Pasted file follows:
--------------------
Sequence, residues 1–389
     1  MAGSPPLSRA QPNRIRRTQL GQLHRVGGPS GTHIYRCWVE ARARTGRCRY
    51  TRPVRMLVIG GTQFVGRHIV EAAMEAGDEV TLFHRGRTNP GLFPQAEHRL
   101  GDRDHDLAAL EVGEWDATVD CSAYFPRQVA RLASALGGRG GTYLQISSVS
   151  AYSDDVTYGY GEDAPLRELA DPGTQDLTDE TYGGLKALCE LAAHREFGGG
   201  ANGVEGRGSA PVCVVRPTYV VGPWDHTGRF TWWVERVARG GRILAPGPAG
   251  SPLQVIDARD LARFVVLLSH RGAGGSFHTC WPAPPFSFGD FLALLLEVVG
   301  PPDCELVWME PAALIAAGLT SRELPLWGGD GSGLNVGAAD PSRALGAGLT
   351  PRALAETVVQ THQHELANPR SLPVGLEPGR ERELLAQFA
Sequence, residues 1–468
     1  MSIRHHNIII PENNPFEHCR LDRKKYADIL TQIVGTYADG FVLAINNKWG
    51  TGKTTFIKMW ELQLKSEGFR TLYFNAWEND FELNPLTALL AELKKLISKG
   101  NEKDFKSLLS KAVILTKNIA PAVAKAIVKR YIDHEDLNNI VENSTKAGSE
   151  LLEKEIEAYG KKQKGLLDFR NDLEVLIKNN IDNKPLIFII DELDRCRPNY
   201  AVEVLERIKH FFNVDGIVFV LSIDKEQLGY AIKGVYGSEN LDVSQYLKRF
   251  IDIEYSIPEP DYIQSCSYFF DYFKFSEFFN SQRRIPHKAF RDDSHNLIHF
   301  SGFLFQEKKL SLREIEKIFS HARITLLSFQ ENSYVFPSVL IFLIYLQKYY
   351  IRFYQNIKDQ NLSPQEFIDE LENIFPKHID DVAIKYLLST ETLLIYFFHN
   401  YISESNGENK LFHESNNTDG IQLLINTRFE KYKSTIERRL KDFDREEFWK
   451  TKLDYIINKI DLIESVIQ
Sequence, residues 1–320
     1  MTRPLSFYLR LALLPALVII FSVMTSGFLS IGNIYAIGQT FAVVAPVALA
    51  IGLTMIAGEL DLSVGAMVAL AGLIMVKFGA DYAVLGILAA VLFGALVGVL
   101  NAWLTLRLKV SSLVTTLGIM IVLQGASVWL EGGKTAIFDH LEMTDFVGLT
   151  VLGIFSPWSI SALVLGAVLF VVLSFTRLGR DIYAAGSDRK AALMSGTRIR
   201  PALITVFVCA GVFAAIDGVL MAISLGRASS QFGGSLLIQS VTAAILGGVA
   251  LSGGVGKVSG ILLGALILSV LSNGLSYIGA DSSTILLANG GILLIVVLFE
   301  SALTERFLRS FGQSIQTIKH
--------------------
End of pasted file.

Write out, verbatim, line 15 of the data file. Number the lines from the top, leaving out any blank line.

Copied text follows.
   201  AVEVLERIKH FFNVDGIVFV LSIDKEQLGY AIKGVYGSEN LDVSQYLKRF